“The process was…painful…I admit, and there were many failures. But such is the light of discovery, is it not? One cannot perfect a true immortality like this without some sacrifice.”

“I don’t understand,” said Mellin, dully.

“In all those souls I experimented upon that survived, I sowed a small portion of myself. My memories and my genetic code. I knew that eventually all the pieces would recombine in the form of a being with my exact genetic structure and encoded memories, experiences.”

“Why the long wait, then?” Mellin said.

The child laughed, an almost comical sound. “Ha! Imagine what those dolts would have done if they’d known that a child with the memories and genes of Aisha the Executioner had been born within their lifetime? No, I had to wait, enough time that the memories had faded and those that had known me in the flesh were dead.”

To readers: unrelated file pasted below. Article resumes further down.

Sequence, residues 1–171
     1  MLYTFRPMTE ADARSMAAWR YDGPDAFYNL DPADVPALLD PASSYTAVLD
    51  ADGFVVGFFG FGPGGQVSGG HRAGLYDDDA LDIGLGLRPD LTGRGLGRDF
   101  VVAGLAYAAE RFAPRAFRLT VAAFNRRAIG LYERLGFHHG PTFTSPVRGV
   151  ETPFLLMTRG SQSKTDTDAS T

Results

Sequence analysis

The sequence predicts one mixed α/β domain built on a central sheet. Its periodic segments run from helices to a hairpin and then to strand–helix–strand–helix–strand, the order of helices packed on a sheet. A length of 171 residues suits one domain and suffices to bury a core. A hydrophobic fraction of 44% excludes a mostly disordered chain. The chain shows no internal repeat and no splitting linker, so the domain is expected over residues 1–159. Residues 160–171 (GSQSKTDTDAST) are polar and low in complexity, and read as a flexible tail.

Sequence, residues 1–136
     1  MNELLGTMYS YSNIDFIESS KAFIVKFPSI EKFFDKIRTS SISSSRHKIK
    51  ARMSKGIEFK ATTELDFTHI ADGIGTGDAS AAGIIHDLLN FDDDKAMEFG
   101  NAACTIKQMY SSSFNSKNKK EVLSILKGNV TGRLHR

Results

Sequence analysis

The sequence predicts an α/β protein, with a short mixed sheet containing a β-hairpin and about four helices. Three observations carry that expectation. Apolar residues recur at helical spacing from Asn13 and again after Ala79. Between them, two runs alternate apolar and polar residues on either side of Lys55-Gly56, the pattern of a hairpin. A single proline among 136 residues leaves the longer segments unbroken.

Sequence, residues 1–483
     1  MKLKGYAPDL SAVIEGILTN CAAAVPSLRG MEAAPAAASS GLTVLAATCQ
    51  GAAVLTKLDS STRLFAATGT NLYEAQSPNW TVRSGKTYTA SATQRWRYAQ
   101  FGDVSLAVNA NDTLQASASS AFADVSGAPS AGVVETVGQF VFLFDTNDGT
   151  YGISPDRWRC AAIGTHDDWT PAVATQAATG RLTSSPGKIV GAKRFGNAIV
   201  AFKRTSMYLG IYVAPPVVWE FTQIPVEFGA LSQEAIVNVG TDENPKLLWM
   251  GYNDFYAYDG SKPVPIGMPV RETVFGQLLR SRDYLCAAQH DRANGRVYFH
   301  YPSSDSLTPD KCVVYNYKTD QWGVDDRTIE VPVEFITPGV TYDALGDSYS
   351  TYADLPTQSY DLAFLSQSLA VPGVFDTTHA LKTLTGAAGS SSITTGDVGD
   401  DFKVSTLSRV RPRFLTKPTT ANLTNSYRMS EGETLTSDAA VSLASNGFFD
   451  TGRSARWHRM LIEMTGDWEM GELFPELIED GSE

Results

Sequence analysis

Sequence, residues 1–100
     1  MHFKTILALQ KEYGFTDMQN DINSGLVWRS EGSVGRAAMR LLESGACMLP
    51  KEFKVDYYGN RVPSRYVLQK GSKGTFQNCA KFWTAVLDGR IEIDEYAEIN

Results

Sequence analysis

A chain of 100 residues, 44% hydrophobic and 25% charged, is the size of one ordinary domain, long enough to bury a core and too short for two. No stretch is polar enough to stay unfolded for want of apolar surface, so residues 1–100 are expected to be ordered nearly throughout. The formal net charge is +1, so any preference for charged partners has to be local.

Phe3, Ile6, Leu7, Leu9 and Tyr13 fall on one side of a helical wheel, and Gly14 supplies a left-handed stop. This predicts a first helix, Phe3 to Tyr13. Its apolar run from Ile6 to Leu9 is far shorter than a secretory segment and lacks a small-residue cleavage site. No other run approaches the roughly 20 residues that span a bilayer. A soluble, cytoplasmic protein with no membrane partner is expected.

“And what of me, then, and my men?” Ellen gestured to what was left of his troop. “We were promised a reward.”

“And you shall have it! I am not selfish, these sacrifices have not been in vain. When the time is right, I will release my gift to the wider world.”

“You’ll forgive me,” said Mellin, drily, “if the notion of this sort of rebirth does not excite my men.”

“My dear Captain,” Aisha said. “Now that I am made whole there is no need for such subterfuge. My work will now allow me to pass on my genes and memories unchanged.”

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